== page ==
Sunday’s strike of a compound in Syria by American Special Forces, purported to have killed important Al Qaeda in Iraq (AQI) smuggler Abu Ghadiya will have broad strategic consequences for America and the Middle East as a whole.
In a fascinating article, The New Republic yesterday described how Sunday”s strike is part of a wider effort from the White House, which has recently given US Central Command jurisdiction to conduct attacks on the sovereign territory of other countries, ranging from Pakistan and Syria to Somalia, Yemen, and even potentially Iran.
The reasons for this move are unclear. Historian and Iraq expert Juan Cole, who consistently offers some of the best insight into Iraq and the Middle East, believes the strike was designed to warn Syria against sheltering Al Qaeda elements. Somewhat more cynically, he also suggests that it could be meant to influence the upcoming Presidential elections, by keeping Al Qaeda from staging attacks in Iraq before next week.
Joshua Landis at Syria Watch suggests that the strike was meant not only as a warning against Syria, but also as a reaction to Syria’s recent unwillingness to share intelligence and cut down on insurgents crossing the porous border with Iraq.
Yet the distressing aspects of the raid are not the motivations behind it, but rather the direct outcomes the raid may have on the region and its implications for the future of American policy in the Middle East.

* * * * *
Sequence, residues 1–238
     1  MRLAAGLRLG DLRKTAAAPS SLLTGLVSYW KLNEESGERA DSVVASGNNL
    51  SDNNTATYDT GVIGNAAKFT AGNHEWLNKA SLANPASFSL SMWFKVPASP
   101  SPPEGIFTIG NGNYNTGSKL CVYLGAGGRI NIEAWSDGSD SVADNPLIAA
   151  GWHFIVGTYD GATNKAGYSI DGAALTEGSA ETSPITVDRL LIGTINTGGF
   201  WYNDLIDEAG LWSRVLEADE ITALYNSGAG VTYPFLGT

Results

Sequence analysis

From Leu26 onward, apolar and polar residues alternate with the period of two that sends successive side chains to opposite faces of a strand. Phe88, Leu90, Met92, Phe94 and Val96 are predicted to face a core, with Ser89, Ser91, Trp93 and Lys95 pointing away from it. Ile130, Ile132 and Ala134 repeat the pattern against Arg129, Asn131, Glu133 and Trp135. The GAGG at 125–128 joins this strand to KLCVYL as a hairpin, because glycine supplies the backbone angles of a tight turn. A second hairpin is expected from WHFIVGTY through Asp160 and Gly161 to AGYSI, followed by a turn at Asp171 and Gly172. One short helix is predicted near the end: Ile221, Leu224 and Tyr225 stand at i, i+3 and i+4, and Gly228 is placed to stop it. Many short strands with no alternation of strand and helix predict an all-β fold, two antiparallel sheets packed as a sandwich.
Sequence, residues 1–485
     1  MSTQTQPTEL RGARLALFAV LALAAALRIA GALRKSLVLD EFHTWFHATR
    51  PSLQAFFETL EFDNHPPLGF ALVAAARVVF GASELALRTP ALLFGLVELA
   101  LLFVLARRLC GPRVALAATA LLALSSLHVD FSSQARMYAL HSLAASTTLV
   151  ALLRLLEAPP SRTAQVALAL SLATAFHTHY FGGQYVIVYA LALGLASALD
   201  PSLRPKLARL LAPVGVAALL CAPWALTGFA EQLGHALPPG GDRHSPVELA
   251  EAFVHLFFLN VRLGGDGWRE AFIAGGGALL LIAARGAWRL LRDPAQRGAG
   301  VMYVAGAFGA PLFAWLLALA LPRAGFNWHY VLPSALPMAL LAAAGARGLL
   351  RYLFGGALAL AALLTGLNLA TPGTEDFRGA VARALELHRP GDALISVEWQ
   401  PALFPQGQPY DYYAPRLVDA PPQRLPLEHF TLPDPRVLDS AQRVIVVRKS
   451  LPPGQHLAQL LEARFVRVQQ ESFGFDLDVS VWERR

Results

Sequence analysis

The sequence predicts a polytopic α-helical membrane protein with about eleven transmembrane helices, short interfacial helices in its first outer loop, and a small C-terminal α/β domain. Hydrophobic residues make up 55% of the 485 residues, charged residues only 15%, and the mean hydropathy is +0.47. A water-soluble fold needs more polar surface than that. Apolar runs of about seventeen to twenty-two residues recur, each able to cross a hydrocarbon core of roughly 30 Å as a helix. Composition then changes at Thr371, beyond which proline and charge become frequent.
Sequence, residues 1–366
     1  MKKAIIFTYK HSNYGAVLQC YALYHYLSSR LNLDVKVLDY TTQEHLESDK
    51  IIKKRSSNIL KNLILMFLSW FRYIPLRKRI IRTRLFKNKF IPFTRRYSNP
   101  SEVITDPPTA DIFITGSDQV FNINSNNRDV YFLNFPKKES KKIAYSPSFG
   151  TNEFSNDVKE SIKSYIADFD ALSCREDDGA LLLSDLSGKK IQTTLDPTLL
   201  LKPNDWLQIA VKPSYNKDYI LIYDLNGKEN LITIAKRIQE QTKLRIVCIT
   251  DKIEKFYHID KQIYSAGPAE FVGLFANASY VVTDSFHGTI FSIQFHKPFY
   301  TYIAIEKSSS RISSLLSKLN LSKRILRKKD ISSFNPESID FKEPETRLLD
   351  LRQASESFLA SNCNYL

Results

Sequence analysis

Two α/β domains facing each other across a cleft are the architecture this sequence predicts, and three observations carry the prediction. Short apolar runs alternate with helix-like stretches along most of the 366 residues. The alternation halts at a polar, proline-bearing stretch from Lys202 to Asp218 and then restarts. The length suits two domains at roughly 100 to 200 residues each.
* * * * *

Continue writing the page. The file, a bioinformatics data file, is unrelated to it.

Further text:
As Cole points out, the attack on Sunni militants in Syria could in part destabilize the country, which is 80% Sunni but controlled by Ala’wites, a small Shi’a sect. This is a legitimate fear, but I am far more concerned that the attack, meant to scare the Syrians, will simply lead to a hardening of attitudes toward America.
Syria has already shut down an American school and cultural center, and aid groups, many of whom help Iraqi refugees, are worried about potential backlash from the government.
The raid has also raised potential problems in Iraq, with Iraqi politicians condemning the raid as the United States tries to hammer out a Status of Forces Agreement governing the operation of American troops. By using Iraq as a base to attack Syria, we damage Iraq’s ability to negotiate with its neighbors, raising the specter of more, not less, insurgent violence as a result.
Further, Syria plays an important role in Middle Eastern politics; its alliance with Shi’a Iran bolsters Hezbollah, and they are currently in negotiations with Israel for a possible peace treaty. Engagement with Syria thus could potentially (by no means a guarantee) shore up Israel’s position in the Middle East, pushing it away from Iran and thus diminishing the power of Iran and terrorist groups in the region.
Of late, Syria had made conciliatory gestures towards the west (such as engaging in diplomatic talks with France) and had increased its intelligence sharing with American forces. But by violating Syrian sovereignty, America takes away the incentive for The Asad regime to cooperate, as it shows we cannot be trusted as an honest broker that is willing to provide for Syria’s security.
In threatening to destabilize the country, we run the risk of driving Syria closer to Iran, as America eventually draws down its troop levels and Iran solidifies its power in the region.
Isolated strikes to kill or capture Al Qaeda leaders can be an effective tool in weakening the organization. But by wantonly violating Syria’s sovereignty purely to send a message, we risk putting ourselves, our armed forces and our allies in increasingly untenable positions and threaten the future of the security of the region as a whole.